Module Details

LW930-7-SP-CO: Public Policy And Economic, Social And Cultural Rights

Note: This module is inactive. Visit the Module Directory to view modules and variants offered during the current academic year.

Year: 2017/18
Department: Law (School of)
Essex credit: 15
ECTS credit: 7.5
Available to Study Abroad / Exchange Students: No
Full Year Module Available to Study Abroad / Exchange Students for a Single Term: No
Outside Option: No
Pre-requisites: LW906
Comments: Most students taking this module are enrolled in one of the School's Human Rights MAs or LLMs

Supervisor: Professor Paul Hunt
Teaching Staff: Professor Paul Hunt and others (TBC)
Contact details: School of Law, University of Essex; Email:

Module is taught during the following terms
Autumn Spring Summer

Module Description

Policies concerned with resource generation, economic growth and welfare - such as taxation, budgets, and health and education policies - have a profound effect on economic, social and cultural (ESC) rights. International and domestic law provides valuable protections of ESC rights that can contribute to public policies and provide a framework for accountability where violations occur. The aim of this module is to give the student an understanding of the protection of ESC rights in and through public policies.

The module begins with a short critique of historical and contemporary developments in debates about the justiciability of ESC rights and the appropriate role of the policy-making arena. The module proceeds to examine the policy-making process in countries with diverse systems of government, and explores how ESC rights can be protected in this context. This is followed by an examination of budgets and ESC rights. From there, the module gives attention to contrasting economic theories that shape public policy, such as neoliberalism, and how they relate to ESC rights. The module then considers specific tools and techniques in policy-making. This includes established priority-setting concepts and tools such as cost-benefit analysis and rationing, and asks what a human rights-based approach to priority-setting looks like. The module also examines impact assessments and other forms of accountability.

The module looks primarily at national policy making processes. However, it also includes a focus on how ESC rights have been protected in the contexts of local government and other local authorities, as well as involvement of the private sector. The module concludes with a focus on globalisation, including the key institutions and actors affecting national and international policy making and how these are addressed within international law.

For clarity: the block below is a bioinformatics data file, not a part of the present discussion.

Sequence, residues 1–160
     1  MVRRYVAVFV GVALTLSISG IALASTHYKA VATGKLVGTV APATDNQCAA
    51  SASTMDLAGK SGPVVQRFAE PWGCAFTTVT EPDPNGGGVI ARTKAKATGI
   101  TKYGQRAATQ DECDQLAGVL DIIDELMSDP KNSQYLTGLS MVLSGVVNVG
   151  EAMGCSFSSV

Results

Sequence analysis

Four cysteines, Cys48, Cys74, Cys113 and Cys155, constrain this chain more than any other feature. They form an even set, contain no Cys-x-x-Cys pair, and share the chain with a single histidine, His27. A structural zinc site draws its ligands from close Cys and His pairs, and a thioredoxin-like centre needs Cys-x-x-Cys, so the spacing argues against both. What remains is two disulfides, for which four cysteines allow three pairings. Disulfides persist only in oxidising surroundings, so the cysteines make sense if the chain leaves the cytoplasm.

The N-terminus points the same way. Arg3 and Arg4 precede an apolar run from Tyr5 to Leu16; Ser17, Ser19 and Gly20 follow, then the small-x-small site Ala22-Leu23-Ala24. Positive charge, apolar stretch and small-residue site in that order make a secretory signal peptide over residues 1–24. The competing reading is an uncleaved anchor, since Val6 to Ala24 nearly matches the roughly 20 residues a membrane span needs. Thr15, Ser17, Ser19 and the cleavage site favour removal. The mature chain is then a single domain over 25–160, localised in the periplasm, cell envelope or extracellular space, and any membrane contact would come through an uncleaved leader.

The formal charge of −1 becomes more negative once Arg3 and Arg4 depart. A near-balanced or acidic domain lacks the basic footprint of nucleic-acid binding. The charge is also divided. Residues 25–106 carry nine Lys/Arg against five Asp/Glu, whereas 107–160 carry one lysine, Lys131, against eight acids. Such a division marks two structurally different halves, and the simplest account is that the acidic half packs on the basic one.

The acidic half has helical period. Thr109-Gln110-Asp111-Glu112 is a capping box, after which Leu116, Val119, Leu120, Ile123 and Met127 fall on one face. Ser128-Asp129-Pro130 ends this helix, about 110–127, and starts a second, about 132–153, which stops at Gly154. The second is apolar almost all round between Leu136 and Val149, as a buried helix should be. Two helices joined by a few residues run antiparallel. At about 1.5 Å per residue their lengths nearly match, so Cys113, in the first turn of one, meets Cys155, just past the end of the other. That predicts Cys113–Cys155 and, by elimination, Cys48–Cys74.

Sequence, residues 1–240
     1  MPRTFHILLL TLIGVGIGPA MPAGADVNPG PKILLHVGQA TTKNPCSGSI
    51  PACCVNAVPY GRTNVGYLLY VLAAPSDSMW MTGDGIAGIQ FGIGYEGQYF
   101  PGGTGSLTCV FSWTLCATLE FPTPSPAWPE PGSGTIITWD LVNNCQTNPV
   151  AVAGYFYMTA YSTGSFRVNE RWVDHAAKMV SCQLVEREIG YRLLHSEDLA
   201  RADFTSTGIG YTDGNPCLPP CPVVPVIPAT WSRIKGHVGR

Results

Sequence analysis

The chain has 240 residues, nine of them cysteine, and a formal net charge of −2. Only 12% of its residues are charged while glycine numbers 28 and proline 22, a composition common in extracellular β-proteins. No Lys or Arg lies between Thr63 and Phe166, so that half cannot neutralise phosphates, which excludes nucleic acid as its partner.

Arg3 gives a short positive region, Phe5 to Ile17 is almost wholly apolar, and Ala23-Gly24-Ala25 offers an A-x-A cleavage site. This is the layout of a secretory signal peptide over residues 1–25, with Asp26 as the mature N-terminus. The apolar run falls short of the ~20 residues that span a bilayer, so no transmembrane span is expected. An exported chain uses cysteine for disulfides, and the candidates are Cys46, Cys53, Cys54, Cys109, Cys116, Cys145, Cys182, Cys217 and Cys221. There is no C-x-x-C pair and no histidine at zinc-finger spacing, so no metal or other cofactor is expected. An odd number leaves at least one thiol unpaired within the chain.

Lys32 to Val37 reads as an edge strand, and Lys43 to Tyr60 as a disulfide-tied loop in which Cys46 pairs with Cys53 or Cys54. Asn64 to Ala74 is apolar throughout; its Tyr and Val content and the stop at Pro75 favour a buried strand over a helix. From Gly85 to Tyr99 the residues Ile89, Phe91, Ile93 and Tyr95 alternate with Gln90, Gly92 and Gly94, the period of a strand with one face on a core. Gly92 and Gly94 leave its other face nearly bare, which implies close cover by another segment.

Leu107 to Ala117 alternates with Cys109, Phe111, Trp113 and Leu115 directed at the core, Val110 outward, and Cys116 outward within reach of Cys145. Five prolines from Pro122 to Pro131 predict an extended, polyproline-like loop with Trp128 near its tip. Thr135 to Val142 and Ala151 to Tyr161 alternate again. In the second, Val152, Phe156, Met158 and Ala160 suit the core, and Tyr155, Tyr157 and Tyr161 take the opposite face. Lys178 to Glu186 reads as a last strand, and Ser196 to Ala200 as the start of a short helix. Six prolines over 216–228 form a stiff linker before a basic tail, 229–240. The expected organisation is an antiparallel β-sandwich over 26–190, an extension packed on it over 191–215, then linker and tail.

This course assumes a good understanding of ESC rights and is closely connected to LW906 Foundations of Economic, Social and Cultural Rights, which is a prerequisite for this course. The course outline must be read in conjunction with that of LW906

Learning and Teaching Methods

This module is taught over a period of 9 weeks, through two-hour long seminars.


100 per cent Coursework Mark


For students on the LLM in Economic, Social and Cultural Rights, the Research Essay is the mode of assessment for this module. For students on other programmes, there will be a take-home exam to be completed over the March/April vacation.

Other information

A few students taking LW930 are invited to make short (10 minutes) prepared presentations to the class, drawing from their own professional experience concerning issues arising from the module.


  • Cottingham, J., Germain, A., Hunt, P., Use of Human Rights to Meet the Unmet Need for Family Planning, 380(9837) The Lancet (14 July 2012), pp. 172-180.
  • Hunt, P. Bueno de Mesquita, J., Lee, J-Y., Way, S-A, 'Implementation of Economic, Social and Cultural Rights' in Rodley, N., Sheeran, S., (eds) Routledge Handbook of International Human Rights Law (Forthcoming).
  • Radhika Balakrishnan, Diane Elson and Raj Patel, Rethinking Macro Economic Strategies from a Human Rights Perspective 53 (2010) 27-36
  • Paul O'Connell The Death of Socio-Economic Rights The Modern Law Review 74 (2011) 532-554
  • Rory O'Connell, A. Nolan, C. Harvey, M. Dutschke, E. Rooney, Applying an International Human Rights Framework to State Budget Allocations: Rights and Resources (forthcoming, Jan 2014).
  • Alvarez Castillo, F., Sundari Ravindran, T. K., and de Pinho, H., 'Prioritisation', in Sundari Ravindran, T. K., and de Pinho, H.,(eds)., The Right Reforms? Health Sector Reforms and Sexual and Reproductive Health (University of Witwatersrand, 2005)
  • MacNaugton, G., Hunt, P., 'A Human Rights-based Approach to Social Impact Assessment' in Vanclay, E., Esteves, A. M., New Directions in Social Impact Assessment: Conceptual and Methodological Advances (Edward Elgar: 2012).

Further information